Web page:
Wednesday, August 15, 2007

Rachel Ray? Give me Anthony Bourdain!

These days, to be a "celebrity chef" one needn't spend years honing one's craft in busy kitchens; indeed, all one needs are dimples, a big round butt, or low-cut blouses.

Today's Wall Street Journal tells us all about them cute celebrity chefs:

"Celebrity cooks on television are undermining one of the oldest rites of the culinary world, the long and lowly apprenticeship in a restaurant, writes Victorino Matus in the Weekly Standard (subscription required). The famous faces of cooking that emerged in the 1990s such as Emeril Lagasse, Anthony Bourdain, Mario Batali and Jamie Oliver all learned to cook in restaurants. Drawing on that experience, those chefs emphasize to viewers that craft and fresh ingredients are the key to culinary success.

"But a new generation of star television cooks have gained their fame without passing through the restaurant business. Rachael Ray, the Food Network’s biggest star, distances herself from the restaurant business, emphasizing time-saving tricks that people can use at home. (Her willingness to put her name on a wide range of products, on the other hand, continues a long celebrity-chef tradition that dates back at least to Auguste Escoffier, the famous French chef of Victorian times).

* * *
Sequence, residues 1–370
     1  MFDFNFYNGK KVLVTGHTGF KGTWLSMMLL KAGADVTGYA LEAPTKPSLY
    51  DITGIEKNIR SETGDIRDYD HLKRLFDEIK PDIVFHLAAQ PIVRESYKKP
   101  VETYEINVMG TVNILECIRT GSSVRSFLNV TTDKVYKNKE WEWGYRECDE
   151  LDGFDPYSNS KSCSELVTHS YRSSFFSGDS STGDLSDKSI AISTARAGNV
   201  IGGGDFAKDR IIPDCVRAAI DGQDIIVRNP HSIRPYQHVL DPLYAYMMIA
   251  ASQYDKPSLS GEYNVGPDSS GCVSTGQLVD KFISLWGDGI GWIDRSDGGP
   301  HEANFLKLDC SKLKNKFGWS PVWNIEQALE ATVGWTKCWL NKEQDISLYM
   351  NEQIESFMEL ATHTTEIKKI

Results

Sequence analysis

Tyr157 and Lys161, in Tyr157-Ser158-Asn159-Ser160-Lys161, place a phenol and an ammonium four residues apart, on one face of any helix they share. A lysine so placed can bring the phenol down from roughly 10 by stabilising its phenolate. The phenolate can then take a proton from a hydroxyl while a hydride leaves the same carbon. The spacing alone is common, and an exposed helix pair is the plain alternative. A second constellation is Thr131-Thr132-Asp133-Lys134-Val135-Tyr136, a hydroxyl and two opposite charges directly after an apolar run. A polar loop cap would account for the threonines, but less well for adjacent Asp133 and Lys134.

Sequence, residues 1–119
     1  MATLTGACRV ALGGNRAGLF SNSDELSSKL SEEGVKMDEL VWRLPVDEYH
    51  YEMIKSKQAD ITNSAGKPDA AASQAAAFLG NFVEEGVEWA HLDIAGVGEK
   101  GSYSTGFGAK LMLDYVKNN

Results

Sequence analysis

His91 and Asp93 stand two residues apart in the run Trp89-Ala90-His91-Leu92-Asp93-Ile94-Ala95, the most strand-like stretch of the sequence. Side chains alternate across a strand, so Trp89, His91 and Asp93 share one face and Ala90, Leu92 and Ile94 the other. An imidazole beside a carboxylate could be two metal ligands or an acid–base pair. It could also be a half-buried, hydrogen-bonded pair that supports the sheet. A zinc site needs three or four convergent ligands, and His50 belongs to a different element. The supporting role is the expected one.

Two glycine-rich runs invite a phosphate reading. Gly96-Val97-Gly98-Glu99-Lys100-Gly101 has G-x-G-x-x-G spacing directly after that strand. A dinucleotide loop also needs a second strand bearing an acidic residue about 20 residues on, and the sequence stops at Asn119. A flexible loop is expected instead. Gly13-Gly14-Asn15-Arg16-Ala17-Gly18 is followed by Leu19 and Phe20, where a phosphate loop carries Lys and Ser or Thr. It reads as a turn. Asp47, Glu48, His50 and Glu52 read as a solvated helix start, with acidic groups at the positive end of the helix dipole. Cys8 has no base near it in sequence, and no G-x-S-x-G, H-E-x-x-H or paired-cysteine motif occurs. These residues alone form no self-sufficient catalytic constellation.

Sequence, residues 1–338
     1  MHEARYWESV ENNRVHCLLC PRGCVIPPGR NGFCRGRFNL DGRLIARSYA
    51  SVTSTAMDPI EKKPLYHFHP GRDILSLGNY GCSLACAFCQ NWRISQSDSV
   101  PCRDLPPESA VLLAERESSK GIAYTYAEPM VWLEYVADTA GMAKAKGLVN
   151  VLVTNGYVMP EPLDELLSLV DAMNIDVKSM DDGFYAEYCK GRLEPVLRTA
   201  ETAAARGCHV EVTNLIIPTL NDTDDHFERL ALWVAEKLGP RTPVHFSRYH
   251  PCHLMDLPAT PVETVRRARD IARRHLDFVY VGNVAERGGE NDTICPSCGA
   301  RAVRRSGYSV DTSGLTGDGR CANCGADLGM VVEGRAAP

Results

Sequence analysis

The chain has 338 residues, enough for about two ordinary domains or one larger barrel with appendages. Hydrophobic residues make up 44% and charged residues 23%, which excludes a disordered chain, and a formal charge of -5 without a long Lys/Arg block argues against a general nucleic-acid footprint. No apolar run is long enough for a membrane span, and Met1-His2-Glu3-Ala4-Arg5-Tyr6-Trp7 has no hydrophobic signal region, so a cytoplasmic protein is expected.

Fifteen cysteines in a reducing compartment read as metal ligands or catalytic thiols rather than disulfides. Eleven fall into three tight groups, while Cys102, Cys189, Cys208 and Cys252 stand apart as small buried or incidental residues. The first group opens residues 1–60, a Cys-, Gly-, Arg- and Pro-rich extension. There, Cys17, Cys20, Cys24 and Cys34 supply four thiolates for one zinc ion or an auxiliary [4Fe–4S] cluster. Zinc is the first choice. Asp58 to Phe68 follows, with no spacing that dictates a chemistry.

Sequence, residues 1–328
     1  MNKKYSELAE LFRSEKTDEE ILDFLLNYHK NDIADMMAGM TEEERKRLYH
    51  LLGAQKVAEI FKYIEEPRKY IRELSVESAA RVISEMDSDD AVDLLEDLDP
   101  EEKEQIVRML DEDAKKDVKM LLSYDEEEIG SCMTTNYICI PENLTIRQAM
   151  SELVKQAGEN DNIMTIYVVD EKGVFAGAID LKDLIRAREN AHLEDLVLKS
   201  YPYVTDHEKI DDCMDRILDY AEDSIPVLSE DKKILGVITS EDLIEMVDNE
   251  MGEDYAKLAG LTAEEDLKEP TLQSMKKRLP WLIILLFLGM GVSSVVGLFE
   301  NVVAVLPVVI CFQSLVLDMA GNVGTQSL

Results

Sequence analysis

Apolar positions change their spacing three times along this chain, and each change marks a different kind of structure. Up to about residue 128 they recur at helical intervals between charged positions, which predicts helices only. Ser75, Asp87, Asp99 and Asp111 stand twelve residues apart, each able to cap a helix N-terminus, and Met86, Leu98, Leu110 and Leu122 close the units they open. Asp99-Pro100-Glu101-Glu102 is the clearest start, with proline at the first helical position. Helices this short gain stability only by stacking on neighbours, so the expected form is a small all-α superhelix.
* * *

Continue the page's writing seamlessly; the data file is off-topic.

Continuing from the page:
"What’s more, shows like Ms. Ray’s have persuaded some young chefs that they don’t need to apprentice themselves to master cooks to achieve fame, Mr. Matus writes in the conservative newsweekly. Bobby Flay, a master instructor at the French Culinary Institute in New York, told author Michael Ruhlman the question most asked by his students is, 'How do I get my own television show?' To Mr. Flay, the questions students should be asking are, 'How should I approach a chef? How do I get my foot in the door?'"

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